¶ 22 After determining that the Commonwealth had sustained its initial burden of establishing a nexus between the appellee's cash and the drug trade, our Supreme Court then addressed whether the appellee had sustained the burden that had shifted to him of proving an innocent source for the money. Id. at 563-65, 880 A.2d at 534-35. The Court cited with approval the trial court's conclusion that the appellee had utterly failed to show that the cash had been lawfully acquired. Although the appellee had presented non-testimonial evidence to the effect that he had worked for the past four months at a job paying $10.50 per hour, and that the seized cash was to be used to repair a house he had just purchased, he presented no documentation for either the job or for the house purchase. The appellee also had presented evidence that, two weeks before his arrest, he had withdrawn $5,300.00 from the bank account of the mother of his children. The trial court concluded that this evidence actually suggested money laundering, since no evidence had been presented as to the source of the money, and it had been deposited one day before it was withdrawn from a bank account that generally contained a low average balance. Our Supreme Court found no error in the trial court's conclusion that the appellee's explanations for the source of his cash were not credible, and, accordingly, reinstated the forfeiture order. Id. at 563-66, 880 A.2d at 534-36. In dicta, the Court noted that a trial court's credibility determinations deserve deference and may be dispositive in forfeiture cases, as in other types of cases. Id. at 558 n. 7, 880 A.2d at 531 n. 7.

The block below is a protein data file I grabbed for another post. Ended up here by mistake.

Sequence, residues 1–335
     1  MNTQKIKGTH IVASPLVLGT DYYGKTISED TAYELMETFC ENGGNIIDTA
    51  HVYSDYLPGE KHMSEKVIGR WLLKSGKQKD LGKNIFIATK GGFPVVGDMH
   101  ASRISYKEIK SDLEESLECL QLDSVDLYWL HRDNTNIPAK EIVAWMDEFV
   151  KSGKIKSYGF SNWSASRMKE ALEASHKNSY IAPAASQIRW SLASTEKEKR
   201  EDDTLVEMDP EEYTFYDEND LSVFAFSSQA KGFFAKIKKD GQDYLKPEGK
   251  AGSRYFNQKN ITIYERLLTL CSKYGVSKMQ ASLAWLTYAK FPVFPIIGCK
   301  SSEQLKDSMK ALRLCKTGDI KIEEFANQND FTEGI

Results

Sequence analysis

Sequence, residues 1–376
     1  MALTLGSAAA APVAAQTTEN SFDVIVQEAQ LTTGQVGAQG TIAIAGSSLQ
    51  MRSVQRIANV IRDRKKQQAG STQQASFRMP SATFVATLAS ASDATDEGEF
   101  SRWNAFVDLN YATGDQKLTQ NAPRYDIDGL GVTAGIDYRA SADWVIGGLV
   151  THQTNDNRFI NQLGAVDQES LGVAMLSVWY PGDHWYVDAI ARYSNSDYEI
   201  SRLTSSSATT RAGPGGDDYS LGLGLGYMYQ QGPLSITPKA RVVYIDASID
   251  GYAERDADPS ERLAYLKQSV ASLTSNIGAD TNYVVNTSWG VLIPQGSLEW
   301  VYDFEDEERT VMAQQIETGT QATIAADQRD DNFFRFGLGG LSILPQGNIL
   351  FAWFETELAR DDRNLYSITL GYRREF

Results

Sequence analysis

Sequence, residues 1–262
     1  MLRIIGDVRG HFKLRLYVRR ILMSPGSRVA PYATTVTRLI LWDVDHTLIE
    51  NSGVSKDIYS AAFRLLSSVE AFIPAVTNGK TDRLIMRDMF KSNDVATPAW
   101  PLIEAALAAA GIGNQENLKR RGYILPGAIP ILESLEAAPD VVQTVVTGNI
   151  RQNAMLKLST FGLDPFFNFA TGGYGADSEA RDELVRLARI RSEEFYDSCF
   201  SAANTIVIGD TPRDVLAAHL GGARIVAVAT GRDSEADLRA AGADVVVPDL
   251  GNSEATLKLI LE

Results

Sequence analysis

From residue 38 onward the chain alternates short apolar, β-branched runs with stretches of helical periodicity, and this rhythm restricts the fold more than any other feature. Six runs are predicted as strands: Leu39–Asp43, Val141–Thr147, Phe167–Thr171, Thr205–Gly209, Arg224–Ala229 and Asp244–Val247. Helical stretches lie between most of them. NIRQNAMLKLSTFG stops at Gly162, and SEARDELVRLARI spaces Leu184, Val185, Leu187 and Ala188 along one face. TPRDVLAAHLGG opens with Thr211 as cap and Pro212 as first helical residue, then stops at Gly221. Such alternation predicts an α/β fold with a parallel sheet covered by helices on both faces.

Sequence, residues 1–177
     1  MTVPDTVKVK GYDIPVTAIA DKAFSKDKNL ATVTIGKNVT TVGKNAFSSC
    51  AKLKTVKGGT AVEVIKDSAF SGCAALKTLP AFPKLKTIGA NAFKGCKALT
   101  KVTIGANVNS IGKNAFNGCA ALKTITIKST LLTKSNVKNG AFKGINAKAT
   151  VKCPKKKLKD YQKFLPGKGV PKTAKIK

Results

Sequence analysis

¶ 23 In the case sub judice, Appellant contends that the Commonwealth failed to sustain its initial burden of establishing a nexus between the marijuana sales and the cash found in Appellant's residence. The Commonwealth presented the following evidence to show the requisite nexus: a confidential informant made three purchases of marijuana from Appellant; the recorded bills given to the informant as purchase money were found in two safes in Appellant's residence, commingled with the rest of the cash seized; in the smaller of the safes, which was in Appellant's bedroom, police also found ten quarter-ounce bags of marijuana, several larger bags containing marijuana residue, and two papers that appeared to record sales for cash; a triple beam scale and a box of sandwich bags were found in a closet in Appellant's residence. Based upon this substantial evidence, we determine that the trial court properly concluded that the Commonwealth had sustained its initial burden.